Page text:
It took the RCMP 7-months to question the shooter, one of their own, and even then they agreed to his demand to be given questions, in writing, in advance of the interview.

The cop said Bush had jumped him and threw him to the floor, face down, and proceeded to choke the cop. The officer then reached to his sidearm (remember, he's chest down) and somehow managed to stretch and twist his Gumby arm all the way around to shoot the kid in the back of the head. A top blood spatter forensic expert from Edmonton showed that the blood patterns in the cell were totally inconsistent with the cop's account and the defence never even attempted to replicate the physical feat. No one else has been able to do it either. Case closed. Officer aquitted.

Then there was the Mountie who was put on active duty in my little town while he was under investigation on pedophilia complaints from another municipality. He was convicted of the charges but we didn't find out about any of it until after he was pulled from duty.

Please, Fish, your concern for the RCMP is misplaced. People out here despise them and they've got plenty of reason for that.

Anonymous said...

I wish I could say I was surprised, but I'm not. The RCMP approach on this has been all about lies and cover-ups from the get-go. If there hadn't been that inconvenient cellphone video, they'd have buried this one a long time ago. Instead we have the officers trying to announce with straight faces how deathly frightening a stapler was. I threw heavier things at my little brother when I was 6.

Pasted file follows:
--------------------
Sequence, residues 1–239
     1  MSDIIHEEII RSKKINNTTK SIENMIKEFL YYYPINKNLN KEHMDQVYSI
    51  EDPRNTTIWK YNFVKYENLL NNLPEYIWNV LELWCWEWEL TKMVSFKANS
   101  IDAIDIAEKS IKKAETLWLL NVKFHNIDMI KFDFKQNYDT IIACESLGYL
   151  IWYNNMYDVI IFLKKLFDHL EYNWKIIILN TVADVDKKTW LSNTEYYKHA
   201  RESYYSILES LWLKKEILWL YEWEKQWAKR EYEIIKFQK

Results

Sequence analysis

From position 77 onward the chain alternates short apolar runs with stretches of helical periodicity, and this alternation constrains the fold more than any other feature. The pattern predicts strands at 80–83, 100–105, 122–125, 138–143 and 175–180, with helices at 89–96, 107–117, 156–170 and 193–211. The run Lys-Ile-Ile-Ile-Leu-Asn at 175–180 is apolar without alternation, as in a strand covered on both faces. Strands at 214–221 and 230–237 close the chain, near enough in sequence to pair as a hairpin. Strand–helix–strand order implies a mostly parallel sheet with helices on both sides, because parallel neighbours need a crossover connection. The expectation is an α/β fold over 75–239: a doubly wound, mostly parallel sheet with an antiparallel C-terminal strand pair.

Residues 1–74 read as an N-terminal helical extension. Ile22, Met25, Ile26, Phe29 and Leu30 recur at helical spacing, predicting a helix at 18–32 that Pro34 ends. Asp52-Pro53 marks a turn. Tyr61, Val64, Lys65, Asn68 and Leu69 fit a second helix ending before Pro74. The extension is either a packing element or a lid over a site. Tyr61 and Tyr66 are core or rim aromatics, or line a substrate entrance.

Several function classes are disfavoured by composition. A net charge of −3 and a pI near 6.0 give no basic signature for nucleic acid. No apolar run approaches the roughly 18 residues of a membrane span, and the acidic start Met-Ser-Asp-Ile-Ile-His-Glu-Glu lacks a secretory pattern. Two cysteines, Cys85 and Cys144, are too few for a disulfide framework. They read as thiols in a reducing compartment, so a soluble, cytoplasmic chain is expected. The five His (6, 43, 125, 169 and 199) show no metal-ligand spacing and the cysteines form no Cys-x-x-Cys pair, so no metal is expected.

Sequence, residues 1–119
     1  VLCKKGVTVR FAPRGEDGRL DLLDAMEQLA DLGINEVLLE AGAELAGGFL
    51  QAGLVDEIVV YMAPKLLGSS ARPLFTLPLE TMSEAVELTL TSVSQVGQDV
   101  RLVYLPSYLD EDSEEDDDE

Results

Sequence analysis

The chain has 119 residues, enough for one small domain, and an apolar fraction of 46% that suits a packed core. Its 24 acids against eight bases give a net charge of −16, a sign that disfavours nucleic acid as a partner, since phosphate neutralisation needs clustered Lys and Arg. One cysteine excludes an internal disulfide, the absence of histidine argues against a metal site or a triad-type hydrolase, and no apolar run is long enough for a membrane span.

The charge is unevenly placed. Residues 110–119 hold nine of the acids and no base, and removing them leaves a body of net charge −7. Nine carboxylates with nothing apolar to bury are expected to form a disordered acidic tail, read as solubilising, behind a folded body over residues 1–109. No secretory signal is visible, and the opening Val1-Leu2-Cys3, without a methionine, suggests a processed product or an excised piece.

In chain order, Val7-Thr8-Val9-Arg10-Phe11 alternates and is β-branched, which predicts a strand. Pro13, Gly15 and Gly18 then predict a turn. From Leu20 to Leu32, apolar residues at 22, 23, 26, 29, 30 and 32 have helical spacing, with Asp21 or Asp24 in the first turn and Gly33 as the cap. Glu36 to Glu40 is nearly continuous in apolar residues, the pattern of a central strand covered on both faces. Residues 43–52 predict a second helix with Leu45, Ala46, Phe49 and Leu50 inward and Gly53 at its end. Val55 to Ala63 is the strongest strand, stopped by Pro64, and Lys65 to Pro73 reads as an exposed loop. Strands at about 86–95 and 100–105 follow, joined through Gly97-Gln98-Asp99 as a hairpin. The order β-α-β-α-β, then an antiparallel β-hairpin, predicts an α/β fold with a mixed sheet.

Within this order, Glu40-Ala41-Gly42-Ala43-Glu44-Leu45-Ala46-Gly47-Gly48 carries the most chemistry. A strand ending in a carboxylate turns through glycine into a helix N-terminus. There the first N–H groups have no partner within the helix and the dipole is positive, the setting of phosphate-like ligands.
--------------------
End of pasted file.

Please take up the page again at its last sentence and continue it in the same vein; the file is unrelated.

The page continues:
Anonymous said...

And Cherniak, murder is a charge that requires the intent to inflict injuries that a reasonable person knows would likely cause death. This death is manslaughter at the very worse. There is a big difference, and you discredit yourself by using inflamatory language.

While you may not like the inflammatory language part of it is due to the absurdity of this whole situation.

At first, the RCMP and other levels of government tried to push aside this whole incident. Only when a citizen pushed to get his tape back did part of the population start to question the version of the police.

Even after that the police and politicians have basically lied...
As for murder, well how many times was he tazered?

Time and time again the police have shown themselves to either be complete idiots, highly incompetent, thugs, liars - they have a serious credibility gap that is tainting the complete force.
That is not to say I think that all are bad - just that there is a lot of rot.

Oemissions said...

poppy cock!
We all saw the video when they finally gave it back.
We all saw their behaviour.
We all saw Mr. Dziekanski turn and put up his hands in a gesture of submission, surrender and declaration of harmlessness and innocence.
We didnot see it frame by frame.
It was on the national and international news.
The world cringed when viewing. We were shocked and astounded.
They had 24 hours after the incident to review what happened and apologize to all concerned for their over zealous approach, their lackof inquiry and communication with the victim.
The first person they needed to call on was an overwhelmed and suffering mother .
Now we are disgusted.
They have seriously soiled the reputation of the RCMP and the public trust in their officers.
Now we have another member of the RCMP making excuses.
Send them to Guatanamo?